Peoria, Ill. (WMBD) — January was an active month for Central Illinois which saw everything from tornadoes to frigid temperatures and snow. The following is a break down of temperature, precipitation and snowfall statistics from across the region throughout the month.
|Temperature||Temperature Departure||Snowfall||Snowfall Departure||Precipitation||Precipitation Departure|
|Peoria||33.0°||+ 7.4°||8.6″||+ 0.9″||1.71″||-0.35″|
Statewide Temperature Summary
With temperatures nearly 7.5° above average, January 2023 was tied for the 6th warmest January on record for Peoria. The entire state experienced above average temperatures with the warmest conditions east of I-55. The warmest day for most areas came January 3rd with many areas setting record highs, including Peoria which set a record of 65°. This record warmth along elevated humidity and strong wind shear resulted in an outbreak of 9 tornadoes in Central Illinois, impacting Macon, Sangamon, Logan, McLean and Ford Counties. It was the largest January tornado outbreak in Illinois since 1950, when consistent tornado records began.
Colder temperatures would eventually return by the end of the month when many areas north of I-70 experienced lows in the single digits or below zero with highs in the teens and 20s. The area also started to see more meaningful snowfalls the last week of the month.
Statewide Snowfall Summary
Monthly snowfall totals ranged from less than a few inches south of I-70 to over 10 inches along and north of I-88. Most of the state only saw minor snow accumulations through the first half of the month but that started to change in the last two weeks. In Central Illinois, our heaviest snow fall 3-6 inches of snow between January 25th and 26th with Peoria setting a daily snowfall record of 5.3″ on January 25th. Still, even with the snowier weather moving in towards the end of the month, most of the state still ended up 2-5 inches below average in monthly snow accumulations. Peoria was one of the few exceptions however as we would end up 0.9″ above average for the month.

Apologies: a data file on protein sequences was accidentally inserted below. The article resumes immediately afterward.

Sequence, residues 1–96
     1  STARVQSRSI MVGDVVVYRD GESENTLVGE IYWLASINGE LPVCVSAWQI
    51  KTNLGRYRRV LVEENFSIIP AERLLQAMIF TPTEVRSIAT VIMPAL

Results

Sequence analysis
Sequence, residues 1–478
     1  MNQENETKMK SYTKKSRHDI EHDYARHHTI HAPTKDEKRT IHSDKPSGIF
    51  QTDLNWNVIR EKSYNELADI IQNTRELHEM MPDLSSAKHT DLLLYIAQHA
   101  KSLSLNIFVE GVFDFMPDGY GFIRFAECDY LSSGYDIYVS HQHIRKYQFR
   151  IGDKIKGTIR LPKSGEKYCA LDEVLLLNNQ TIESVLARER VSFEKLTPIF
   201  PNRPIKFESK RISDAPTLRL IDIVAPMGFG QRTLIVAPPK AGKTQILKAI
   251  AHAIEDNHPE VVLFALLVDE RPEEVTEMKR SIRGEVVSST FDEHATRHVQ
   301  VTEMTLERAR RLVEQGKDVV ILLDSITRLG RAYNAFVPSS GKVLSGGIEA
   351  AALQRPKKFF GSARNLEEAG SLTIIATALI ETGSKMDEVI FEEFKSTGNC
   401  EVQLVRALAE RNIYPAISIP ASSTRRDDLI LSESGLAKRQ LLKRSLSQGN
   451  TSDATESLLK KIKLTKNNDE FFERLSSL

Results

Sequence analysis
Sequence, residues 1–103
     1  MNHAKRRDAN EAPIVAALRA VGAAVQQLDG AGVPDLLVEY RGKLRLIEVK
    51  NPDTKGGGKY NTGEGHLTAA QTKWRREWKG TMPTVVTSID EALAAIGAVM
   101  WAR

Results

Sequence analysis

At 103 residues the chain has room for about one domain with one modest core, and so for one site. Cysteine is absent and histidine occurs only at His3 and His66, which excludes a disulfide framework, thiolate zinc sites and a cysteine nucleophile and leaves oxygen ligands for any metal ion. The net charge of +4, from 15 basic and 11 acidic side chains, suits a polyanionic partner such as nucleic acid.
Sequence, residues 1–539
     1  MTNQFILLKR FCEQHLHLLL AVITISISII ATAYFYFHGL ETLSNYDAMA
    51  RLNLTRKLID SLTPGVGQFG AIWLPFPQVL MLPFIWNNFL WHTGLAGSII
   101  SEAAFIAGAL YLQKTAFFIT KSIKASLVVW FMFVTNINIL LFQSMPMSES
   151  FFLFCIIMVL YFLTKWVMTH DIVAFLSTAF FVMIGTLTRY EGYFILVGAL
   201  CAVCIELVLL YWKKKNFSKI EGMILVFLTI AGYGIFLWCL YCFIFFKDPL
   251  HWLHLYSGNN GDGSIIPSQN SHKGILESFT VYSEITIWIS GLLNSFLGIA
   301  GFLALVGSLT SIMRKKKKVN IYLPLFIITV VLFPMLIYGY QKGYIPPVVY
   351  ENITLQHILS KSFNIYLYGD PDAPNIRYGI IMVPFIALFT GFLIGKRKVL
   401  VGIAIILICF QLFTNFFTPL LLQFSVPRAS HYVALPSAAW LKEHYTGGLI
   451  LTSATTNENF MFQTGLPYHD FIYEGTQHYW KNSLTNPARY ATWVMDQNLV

Statewide Precipitation Summary
Northern and southern parts of Illinois experienced above average precipitation (rain and melted snow/ice) through the month of January while Central Illinois saw near to below average precipitation. The heaviest precipitation of the month fell along and south of I-70 on January 18th and 19th when much of southern Illinois saw 0.75″ to 1.50″ of rain. Illinois also continued to see improvements in drought conditions across the state, though abnormally dry conditions remain in place along the Illinois River Valley.
The Climate Prediction Center’s February Outlook calls for a greater chance of above average precipitation and above average temperatures over much of Central Illinois. Its impossible to know how much of this would fall as snow versus rain, but recent trends suggest that February has evolved into a pretty snowy month of parts of Central Illinois in the last few decades.